Southfield, Mich.-based Federal-Mogul said it expects the purchase to be "modestly accretive" to earnings this year, and should add 35 cents a share in 1999 and 80 cents the year after that.
"This acquisition makes Federal-Mogul the world leader in brake friction, with over $1 billion in annual sales," said Dick Snell, Federal-Mogul chairman. "The addition of this premier manufacturer with a talented management team further strengthens Federal-Mogul's leadership position in the automotive industry."
Wall Street hailed the proposal, with shares of Federal-Mogul jumping 5 1/2 to 61 - a gain of 9.9 percent. Cooper Industries' stock gained 1 11/16 to 48 1/4.
Pending shareholder and regulatory approval, the deal is expected to close in the fourth quarter. In the subsequent 18 months, Federal-Mogul said it expects to take a charge of an estimated $55 million in pre-tax reserves for costs related to the deal and incur $23 million in integration costs.
With the Cooper Automotive transaction, Federal-Mogul has made six acquisitions and joint ventures this year, with the latest deal bringing its annual combined revenue to a projected $7 billion from $2 billion.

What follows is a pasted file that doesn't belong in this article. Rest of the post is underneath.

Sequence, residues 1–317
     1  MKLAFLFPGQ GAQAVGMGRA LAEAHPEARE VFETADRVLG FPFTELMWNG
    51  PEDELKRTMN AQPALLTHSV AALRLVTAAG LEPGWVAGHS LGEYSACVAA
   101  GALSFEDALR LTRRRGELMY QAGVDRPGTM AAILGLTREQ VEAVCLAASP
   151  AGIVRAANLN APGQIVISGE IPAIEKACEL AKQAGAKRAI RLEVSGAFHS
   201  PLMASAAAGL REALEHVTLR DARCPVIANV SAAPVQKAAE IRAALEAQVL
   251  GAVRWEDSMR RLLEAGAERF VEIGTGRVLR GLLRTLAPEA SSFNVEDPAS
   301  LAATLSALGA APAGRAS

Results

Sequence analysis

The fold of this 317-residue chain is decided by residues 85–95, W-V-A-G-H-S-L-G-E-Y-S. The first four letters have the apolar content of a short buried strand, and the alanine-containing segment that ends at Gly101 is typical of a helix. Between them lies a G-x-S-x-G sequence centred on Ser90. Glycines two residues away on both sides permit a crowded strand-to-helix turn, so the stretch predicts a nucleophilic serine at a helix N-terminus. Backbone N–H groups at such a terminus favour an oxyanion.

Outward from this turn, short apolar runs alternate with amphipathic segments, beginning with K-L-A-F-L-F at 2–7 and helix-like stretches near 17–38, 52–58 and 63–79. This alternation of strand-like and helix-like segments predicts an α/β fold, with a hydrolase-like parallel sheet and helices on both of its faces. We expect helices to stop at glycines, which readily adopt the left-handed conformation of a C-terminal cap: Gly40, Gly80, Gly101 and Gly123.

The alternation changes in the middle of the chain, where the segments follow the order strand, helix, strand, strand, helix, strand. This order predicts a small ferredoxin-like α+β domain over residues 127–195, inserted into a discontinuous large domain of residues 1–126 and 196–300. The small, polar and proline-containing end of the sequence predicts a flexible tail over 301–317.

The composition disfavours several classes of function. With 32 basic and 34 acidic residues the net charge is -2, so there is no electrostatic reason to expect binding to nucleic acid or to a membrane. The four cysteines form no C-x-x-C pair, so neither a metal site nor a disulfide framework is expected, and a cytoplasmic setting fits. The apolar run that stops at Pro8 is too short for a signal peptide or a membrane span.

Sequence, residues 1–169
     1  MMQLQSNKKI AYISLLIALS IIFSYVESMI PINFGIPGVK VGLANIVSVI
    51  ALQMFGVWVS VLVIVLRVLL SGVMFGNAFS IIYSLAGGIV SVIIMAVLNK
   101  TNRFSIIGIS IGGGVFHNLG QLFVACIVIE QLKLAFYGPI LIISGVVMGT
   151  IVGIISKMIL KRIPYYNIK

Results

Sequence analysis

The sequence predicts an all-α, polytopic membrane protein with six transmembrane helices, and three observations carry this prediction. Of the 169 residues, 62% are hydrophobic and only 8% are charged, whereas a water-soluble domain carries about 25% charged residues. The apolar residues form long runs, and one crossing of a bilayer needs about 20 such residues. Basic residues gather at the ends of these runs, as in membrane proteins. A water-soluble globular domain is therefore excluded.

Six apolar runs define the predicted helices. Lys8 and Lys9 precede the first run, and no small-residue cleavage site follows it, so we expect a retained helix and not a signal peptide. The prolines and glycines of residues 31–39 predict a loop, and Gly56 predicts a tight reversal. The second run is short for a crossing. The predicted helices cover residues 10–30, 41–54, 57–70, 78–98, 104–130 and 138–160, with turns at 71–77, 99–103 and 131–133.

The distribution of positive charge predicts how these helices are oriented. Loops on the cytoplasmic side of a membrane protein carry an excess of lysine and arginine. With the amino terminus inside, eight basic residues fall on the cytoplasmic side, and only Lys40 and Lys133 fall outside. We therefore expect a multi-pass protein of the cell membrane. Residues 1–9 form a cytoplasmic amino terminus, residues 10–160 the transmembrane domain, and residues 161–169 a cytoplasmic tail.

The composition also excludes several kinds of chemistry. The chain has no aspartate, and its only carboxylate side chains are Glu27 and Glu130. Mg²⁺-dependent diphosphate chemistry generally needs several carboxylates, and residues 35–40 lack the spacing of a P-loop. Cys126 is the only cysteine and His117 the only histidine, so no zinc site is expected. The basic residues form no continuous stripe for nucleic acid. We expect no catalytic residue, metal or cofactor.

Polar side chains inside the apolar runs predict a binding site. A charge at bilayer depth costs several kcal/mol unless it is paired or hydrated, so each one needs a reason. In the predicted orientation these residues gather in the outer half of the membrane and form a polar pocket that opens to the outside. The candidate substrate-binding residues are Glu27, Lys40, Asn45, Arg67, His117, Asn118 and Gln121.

In 1997, Cooper Automotive's sales of brakes, lighting, chassis parts, ignition and wiper blades totaled $1.87 billion.
"This action represents another important step in the reshaping of Cooper into a higher-growth, more profitable company," Cooper chief H. John Riley Jr. said. "Our focus will be on growing our remaining electrical and tools and hardware product lines as quickly, and as profitably, as possible."
On Aug. 5, Cooper announced a $500 million stock repurchase program, now expected to be completed by the close of its automotive transaction with Federal-Mogul.
Written By Steve Gelsi